JOURNAL ARTICLE

Evaluation of diffuse myocardial fibrosis in heart failure with cardiac magnetic resonance contrast-enhanced T1 mapping

Leah Iles, Heinz Pfluger, Arintaya Phrommintikul, Joshi Cherayath, Pelin Aksit, Sandeep N Gupta, David M Kaye, Andrew J Taylor
Journal of the American College of Cardiology 2008 November 4, 52 (19): 1574-80
19007595

OBJECTIVES: The purpose of this study was to investigate a noninvasive method for quantifying diffuse myocardial fibrosis with cardiac magnetic resonance imaging (CMRI).

BACKGROUND: Diffuse myocardial fibrosis is a fundamental process in pathologic remodeling in cardiomyopathy and is postulated to cause increased cardiac stiffness and poor clinical outcomes. Although regional fibrosis is easily imaged with cardiac magnetic resonance, there is currently no noninvasive method for quantifying diffuse myocardial fibrosis.

METHODS: We performed CMRI on 45 subjects (25 patients with heart failure, 20 control patients), on a clinical 1.5-T CMRI scanner. A prototype T(1) mapping sequence was used to calculate the post-contrast myocardial T(1) time as an index of diffuse fibrosis; regional fibrosis was identified by delayed contrast enhancement. Regional and global systolic function was assessed by cine CMRI in standard short- and long-axis planes, with echocardiography used to evaluate diastology. An additional 9 subjects underwent CMRI and endomyocardial biopsy for histologic correlation.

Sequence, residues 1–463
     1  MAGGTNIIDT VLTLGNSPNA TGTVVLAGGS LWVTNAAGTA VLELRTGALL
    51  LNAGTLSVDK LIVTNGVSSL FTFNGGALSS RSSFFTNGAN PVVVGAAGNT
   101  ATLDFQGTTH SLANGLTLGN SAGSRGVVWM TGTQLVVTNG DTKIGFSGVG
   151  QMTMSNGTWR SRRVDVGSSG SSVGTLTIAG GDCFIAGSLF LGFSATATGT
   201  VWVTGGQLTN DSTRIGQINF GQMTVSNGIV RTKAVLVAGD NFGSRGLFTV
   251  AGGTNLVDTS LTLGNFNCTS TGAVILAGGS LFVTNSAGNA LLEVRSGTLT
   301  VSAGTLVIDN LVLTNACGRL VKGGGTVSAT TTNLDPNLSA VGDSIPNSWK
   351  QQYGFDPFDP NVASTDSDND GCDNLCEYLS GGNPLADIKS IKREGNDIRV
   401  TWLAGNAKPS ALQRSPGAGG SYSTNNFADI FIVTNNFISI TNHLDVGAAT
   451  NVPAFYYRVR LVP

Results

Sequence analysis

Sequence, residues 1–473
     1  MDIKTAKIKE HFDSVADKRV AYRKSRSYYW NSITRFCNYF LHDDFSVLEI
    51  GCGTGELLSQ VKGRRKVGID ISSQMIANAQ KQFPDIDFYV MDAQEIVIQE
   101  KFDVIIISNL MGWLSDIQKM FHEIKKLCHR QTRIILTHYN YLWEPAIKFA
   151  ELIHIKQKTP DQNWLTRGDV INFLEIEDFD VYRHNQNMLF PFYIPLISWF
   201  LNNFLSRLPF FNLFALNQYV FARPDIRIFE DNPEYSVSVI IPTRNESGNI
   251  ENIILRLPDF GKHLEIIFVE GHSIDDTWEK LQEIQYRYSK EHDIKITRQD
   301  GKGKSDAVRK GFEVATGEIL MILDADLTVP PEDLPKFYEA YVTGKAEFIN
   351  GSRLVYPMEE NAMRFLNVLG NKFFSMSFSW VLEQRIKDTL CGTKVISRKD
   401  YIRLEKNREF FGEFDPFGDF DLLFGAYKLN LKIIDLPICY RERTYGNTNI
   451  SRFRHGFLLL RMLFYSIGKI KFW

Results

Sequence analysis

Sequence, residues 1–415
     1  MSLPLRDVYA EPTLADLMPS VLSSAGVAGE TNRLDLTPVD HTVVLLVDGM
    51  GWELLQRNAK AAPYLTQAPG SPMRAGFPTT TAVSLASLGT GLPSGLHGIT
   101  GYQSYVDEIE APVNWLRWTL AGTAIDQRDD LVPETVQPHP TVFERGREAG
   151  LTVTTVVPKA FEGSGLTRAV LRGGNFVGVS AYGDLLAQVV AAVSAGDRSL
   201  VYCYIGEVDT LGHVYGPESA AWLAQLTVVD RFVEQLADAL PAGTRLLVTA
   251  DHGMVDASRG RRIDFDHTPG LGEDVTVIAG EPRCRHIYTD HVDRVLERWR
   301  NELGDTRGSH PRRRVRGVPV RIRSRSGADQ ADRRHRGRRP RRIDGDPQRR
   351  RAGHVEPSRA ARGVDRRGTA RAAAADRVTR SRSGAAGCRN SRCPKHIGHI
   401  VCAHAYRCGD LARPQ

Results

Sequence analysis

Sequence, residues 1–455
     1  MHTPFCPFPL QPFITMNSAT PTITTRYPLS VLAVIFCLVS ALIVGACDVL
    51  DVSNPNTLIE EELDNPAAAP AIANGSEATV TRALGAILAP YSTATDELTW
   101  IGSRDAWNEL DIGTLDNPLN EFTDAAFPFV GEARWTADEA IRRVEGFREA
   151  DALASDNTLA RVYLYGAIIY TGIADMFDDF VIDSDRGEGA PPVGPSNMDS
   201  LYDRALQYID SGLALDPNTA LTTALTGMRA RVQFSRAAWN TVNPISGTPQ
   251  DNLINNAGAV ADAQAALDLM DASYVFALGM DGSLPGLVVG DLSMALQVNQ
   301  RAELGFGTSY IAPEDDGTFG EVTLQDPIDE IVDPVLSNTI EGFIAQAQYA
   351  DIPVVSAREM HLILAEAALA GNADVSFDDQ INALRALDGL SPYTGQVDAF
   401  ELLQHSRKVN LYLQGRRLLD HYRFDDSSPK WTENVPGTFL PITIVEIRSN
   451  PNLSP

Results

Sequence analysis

RESULTS: Post-contrast myocardial T(1) times correlated histologically with fibrosis (R = -0.7, p = 0.03) and were shorter in heart failure subjects than controls (383 +/- 17 ms vs. 564 +/- 23 ms, p < 0.0001). The T(1) time of heart failure myocardium was shorter than that in controls even when excluding areas of regional fibrosis (429 +/- 22 ms vs. 564 +/- 23 ms, p < 0.0001). The post-contrast myocardial T(1) time shortened as diastolic function worsened (562 +/- 24 ms in normal diastolic function vs. 423 +/- 33 ms in impaired diastolic function vs. 368 +/- 20 ms in restrictive function, p < 0.001).

CONCLUSIONS: Contrast-enhanced CMRI T(1) mapping identifies changes in myocardial T(1) times in heart failure, which appear to reflect diffuse fibrosis.

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